In the meantime the wireless sensor network keeps a check on climatic differences, in case something needs to be altered here.
“With this combination of steps you highlight diseases which you can’t yet see with the naked eye. The CF-camera notices if the plant is in trouble while, visually, nothing appears to be wrong. Then by implementing the other tests you can figure out what it going on. Also the vase life of flowers can be predicted with such a camera,” she says, describing the advantages of the new technology.
The disadvantages are the costs: the CF-camera currently costs around Euro 100,000, and it’s the same for the electronic nose.
After the problem is detected a decision has to be made. The third step in the process involves interpretation of the data and giving advice. Various decision support systems are available for this. The Climate Vitalizer gives advice on achieving a more homogenous greenhouse climate. Notify Me predicts crop development and a further three systems can analyse the risks of Botrytis and pest insects as well as propose control measures.
These measures fall within process step four and relate to better climate control and pest management. The preferred method is a non-chemical approach. The project has developed a new strategy using endophytes, which improve the effectiveness of biological pest control. “Various natural predators eat both the pest as well as the plant. If you supply the plant with an endophyte – a useful microorganism that lives in the plant – the plant becomes less attractive to the natural predators and so these focus more on the harmful organisms,” says Zijlstra.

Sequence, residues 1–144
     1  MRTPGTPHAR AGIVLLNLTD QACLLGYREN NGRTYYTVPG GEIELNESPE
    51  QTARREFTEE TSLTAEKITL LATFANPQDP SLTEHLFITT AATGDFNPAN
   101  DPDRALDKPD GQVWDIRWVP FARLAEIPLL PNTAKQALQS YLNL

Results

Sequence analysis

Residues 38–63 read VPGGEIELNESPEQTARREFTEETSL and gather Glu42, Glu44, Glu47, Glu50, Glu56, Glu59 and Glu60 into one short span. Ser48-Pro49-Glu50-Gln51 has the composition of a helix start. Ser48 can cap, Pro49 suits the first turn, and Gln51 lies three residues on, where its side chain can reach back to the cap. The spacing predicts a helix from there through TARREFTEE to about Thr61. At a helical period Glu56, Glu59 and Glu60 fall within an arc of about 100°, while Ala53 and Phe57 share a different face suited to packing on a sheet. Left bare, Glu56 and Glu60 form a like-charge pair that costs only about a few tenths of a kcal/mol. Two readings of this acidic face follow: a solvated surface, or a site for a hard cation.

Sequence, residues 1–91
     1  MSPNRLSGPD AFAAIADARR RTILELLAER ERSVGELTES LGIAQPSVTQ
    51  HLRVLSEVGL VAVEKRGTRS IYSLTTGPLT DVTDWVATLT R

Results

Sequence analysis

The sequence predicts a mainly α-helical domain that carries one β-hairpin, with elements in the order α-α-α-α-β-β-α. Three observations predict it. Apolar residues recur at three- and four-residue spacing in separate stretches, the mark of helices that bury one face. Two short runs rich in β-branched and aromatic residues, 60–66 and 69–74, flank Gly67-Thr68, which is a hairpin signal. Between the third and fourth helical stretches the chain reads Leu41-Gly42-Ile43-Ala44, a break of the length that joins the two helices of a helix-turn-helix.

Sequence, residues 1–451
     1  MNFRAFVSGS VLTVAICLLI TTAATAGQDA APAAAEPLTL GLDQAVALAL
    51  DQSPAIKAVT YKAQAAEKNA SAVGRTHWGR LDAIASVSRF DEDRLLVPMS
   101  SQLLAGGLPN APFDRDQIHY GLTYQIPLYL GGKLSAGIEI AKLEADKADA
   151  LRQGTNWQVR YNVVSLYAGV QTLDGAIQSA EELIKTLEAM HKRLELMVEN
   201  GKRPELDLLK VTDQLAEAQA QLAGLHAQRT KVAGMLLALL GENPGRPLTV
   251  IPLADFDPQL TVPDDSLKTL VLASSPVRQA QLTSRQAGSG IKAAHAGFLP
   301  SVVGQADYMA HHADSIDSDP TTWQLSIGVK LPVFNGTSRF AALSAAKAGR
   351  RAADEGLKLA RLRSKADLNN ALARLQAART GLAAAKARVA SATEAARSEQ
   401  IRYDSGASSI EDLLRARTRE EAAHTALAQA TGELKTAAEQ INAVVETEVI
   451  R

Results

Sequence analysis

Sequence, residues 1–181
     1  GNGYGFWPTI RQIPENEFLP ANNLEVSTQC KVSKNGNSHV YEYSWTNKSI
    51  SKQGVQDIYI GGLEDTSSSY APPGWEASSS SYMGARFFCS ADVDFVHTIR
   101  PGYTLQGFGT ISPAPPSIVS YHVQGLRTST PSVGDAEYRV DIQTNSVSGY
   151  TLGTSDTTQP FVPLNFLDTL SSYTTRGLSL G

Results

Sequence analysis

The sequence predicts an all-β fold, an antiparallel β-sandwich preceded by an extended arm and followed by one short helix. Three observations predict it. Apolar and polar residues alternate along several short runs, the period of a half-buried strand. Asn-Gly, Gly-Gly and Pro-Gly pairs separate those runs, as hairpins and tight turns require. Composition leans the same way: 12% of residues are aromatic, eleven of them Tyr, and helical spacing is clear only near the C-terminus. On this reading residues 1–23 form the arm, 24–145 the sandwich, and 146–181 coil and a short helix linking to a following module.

One of the most important parts of the project is the development of precision spraying. Cameras on the spray robot “see” the chlorophyll and only spray the plant and not the ground or into space. This saves 50% of the crop protection product. The next step is to combine it with the CF-camera. This detects firstly the suspicious areas so the robot only needs to spray these areas. This can save up to 70% of the product use.
The project Gezonde Kas has come to an end but a follow-up project for pot and container cultivation (tree nurseries) is in the pipeline. Researcher Zijlstra hopes that growers and horticultural advisors will quickly pick up on the techniques that have now been adapted for use in practise.
The project Gezonde Kas (Healthy Greenhouse) has developed an innovative four-step system in the field of crop protection. Key words are prevention, early detection, better control of climate and disease development and a reduction of chemicals. In all cases innovative techniques have been made adapted for use in practise and are described in this article.
Text: Tijs Kierkels. Photos: Wilma Slegers